As mentioned in the video, it is a classic design. A slightly soft mid in relation to tip and butt. As you noticed in the video, the term soft causes most in the shaft business to flinch. Perhaps some day I will learn to say stiff tip stiff butt rather than soft mid. I start most fittings with a soft mid shaft, it fits most players so it is no wonder this shaft was once popular on tour.

Like all Fujikura Made in Japan shafts, the label sits directly on one of the FLO planes and has some lines to indicate such. The graphics align with one of the FLO planes. The radial consistency of the review samples was very good, averaging 98.8% with a 0.6% standard deviation. Orientation in a rotating hosel is not an issue with this shaft.

I see a mid launch, mid spin design. when trimmed, this shaft will weight in the high 50g range. That is a range I have become very comfortable fitting recreational golfer with. It is a weigh range I am now playing.

Fujikura Speeder Tour Spec Golf Shaft Review

Fujikura Speeder Evolution Tour SpecDriver Shaft

Russ Ryden, Golf Digest America’s 100 Best Clubfitter
Fit2Score, Dallas Fort Worth, Texas


Fujikura offers a Tour Spec version of most model. The Speeder Evolution Tour Spec model is different enough from the Speeder 757 that it deserved a separate review. This shaft is one of the standard option in the 2015 TaylorMade R15 driver. It is manufactured by Sino in China unlike the Speeder which is made in Japan.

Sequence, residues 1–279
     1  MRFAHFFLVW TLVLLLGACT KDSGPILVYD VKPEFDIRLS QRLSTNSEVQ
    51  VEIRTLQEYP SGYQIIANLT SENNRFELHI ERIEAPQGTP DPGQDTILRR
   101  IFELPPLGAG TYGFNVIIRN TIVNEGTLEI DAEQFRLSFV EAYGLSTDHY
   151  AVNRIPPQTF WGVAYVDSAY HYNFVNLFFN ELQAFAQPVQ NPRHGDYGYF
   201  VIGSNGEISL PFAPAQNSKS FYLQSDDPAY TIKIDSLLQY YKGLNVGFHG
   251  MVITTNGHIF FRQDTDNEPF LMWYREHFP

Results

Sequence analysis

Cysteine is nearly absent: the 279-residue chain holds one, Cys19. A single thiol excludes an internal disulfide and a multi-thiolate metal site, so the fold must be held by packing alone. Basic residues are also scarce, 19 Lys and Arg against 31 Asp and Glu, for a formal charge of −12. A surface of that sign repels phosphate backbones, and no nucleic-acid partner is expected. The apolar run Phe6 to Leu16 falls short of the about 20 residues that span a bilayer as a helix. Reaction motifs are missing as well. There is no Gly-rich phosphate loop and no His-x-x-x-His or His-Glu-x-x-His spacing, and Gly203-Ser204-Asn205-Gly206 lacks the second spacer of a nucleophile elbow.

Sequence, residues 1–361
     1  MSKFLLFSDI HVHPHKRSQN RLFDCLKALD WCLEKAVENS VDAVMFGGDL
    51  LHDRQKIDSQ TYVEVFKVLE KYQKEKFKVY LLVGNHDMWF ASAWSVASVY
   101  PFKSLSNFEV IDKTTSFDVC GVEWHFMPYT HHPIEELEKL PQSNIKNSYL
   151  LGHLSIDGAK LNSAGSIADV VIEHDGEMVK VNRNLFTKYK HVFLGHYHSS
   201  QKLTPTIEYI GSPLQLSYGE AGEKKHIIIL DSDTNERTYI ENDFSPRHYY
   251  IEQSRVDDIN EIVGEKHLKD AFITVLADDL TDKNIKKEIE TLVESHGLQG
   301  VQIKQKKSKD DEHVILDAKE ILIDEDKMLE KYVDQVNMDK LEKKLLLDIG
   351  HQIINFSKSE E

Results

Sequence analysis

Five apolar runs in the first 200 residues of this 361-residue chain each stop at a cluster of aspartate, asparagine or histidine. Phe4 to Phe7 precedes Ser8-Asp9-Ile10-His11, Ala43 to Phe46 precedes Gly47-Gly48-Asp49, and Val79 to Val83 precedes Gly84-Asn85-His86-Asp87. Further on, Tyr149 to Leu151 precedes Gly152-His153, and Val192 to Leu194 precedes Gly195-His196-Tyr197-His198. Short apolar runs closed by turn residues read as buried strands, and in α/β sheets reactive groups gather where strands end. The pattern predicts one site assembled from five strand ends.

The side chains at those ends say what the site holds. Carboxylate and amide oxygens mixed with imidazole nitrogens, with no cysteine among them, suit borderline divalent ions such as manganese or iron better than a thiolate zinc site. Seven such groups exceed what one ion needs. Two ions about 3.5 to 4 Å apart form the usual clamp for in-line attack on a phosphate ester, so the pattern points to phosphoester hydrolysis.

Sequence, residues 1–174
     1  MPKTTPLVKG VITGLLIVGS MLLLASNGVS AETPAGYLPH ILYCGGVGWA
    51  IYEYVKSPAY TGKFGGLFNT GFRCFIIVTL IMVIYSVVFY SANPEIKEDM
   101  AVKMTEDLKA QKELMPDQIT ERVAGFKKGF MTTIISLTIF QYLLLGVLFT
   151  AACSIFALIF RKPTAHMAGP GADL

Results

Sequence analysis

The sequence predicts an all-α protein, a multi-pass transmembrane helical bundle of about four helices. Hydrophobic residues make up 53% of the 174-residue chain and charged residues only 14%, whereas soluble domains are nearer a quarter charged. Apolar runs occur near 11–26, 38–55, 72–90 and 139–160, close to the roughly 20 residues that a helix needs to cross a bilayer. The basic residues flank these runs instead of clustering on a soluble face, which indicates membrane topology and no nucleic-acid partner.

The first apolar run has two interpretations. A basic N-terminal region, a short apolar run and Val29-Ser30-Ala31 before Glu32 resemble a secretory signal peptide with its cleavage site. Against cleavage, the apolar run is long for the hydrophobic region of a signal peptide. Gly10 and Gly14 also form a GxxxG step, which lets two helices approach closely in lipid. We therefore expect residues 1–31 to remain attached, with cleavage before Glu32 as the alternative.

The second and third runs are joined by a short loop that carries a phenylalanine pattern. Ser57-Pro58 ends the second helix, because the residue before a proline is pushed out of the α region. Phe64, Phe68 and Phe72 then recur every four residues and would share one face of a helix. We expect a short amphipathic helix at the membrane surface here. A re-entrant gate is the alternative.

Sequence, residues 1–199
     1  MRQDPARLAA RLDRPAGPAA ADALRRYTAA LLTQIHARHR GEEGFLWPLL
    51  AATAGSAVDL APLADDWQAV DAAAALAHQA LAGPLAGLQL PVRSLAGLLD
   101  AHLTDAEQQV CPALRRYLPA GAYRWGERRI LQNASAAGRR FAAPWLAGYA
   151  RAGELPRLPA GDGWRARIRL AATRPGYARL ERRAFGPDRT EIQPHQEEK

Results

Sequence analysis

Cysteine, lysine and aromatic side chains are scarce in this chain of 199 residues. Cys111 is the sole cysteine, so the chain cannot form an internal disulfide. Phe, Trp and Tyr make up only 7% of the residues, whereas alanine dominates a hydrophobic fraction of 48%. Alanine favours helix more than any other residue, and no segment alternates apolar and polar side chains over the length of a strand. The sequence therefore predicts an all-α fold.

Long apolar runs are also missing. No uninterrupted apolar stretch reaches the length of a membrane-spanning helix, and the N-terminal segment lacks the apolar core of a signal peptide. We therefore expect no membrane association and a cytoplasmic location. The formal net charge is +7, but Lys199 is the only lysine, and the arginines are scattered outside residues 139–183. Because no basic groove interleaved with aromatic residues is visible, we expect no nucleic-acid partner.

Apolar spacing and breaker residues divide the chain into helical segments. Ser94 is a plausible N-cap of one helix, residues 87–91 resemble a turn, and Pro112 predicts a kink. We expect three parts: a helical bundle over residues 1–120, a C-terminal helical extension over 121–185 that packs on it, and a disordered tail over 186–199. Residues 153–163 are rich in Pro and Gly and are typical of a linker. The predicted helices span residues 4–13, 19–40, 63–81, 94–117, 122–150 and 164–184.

Speeder15TS_EiGjTbThe radial consistency averaged 98.5% with a 1.4% standard deviation. No issue with rotating hosels and no benefit from alignment with these shafts. The Evolution Tour Spec is slightly stiffer in the tip and softer in the butt than the same flex Speeder Evolution. This creates a propensity to launch and spin lower that the Evolution designs.

Lets explore this. The tables on this site show tip to butt ratios. That is the stiffness of the tip of the shaft divided by the stiffness of the butt. This ratio is used by many club makers and some shaft companies to forecast launch of a shaft. It is one of many indicators we can use to forecast launch propensity. The stiffer the tip in relation to the butt, the maximum bend point of the shaft is higher on the shaft. Hence, the lower the propensity of that shaft to loft and spin the ball.

Speeder15TS_DeflectionThree point EI measurements of successive zones of the shaft make it possible to virtually bend the shaft mathematically. This illustration demonstrates this for the Speeder Evolution Tour Spec shafts. In this illustration the EI profiles are used to bend the shafts with both loading at the tip and loading at the butt. You can see how EI profiles translate into the bending of a loaded shaft. The intersection of the tip loaded and butt loaded profiles are another classical indication of launch propensity. The closer that intersection is to the tip, the higher launch and spin propensity of the shaft.

Speeder15TS_DeflectLoadsHowever it is not that easy to forecast how a shaft will launch in your hands. In this illustration the softest of the Speeder Evolution Tour Spec, the 661S to the 757X are subjected to progressively heavier loads. You can see how much more the 661S bends than the 757X. And, how the intersection of the two curves moves under load. The launch of a shaft is a function of how you load it.

The objective of the professional fitter is to find that combination of shaft profile, weight and stiffness that creates the tightest impact pattern, centered on the club face. Then to the degree possible, fine tune your launch with close variations of profile, weight and flex. Doing so is enhanced by how much your fitter understands the golf shafts he is using.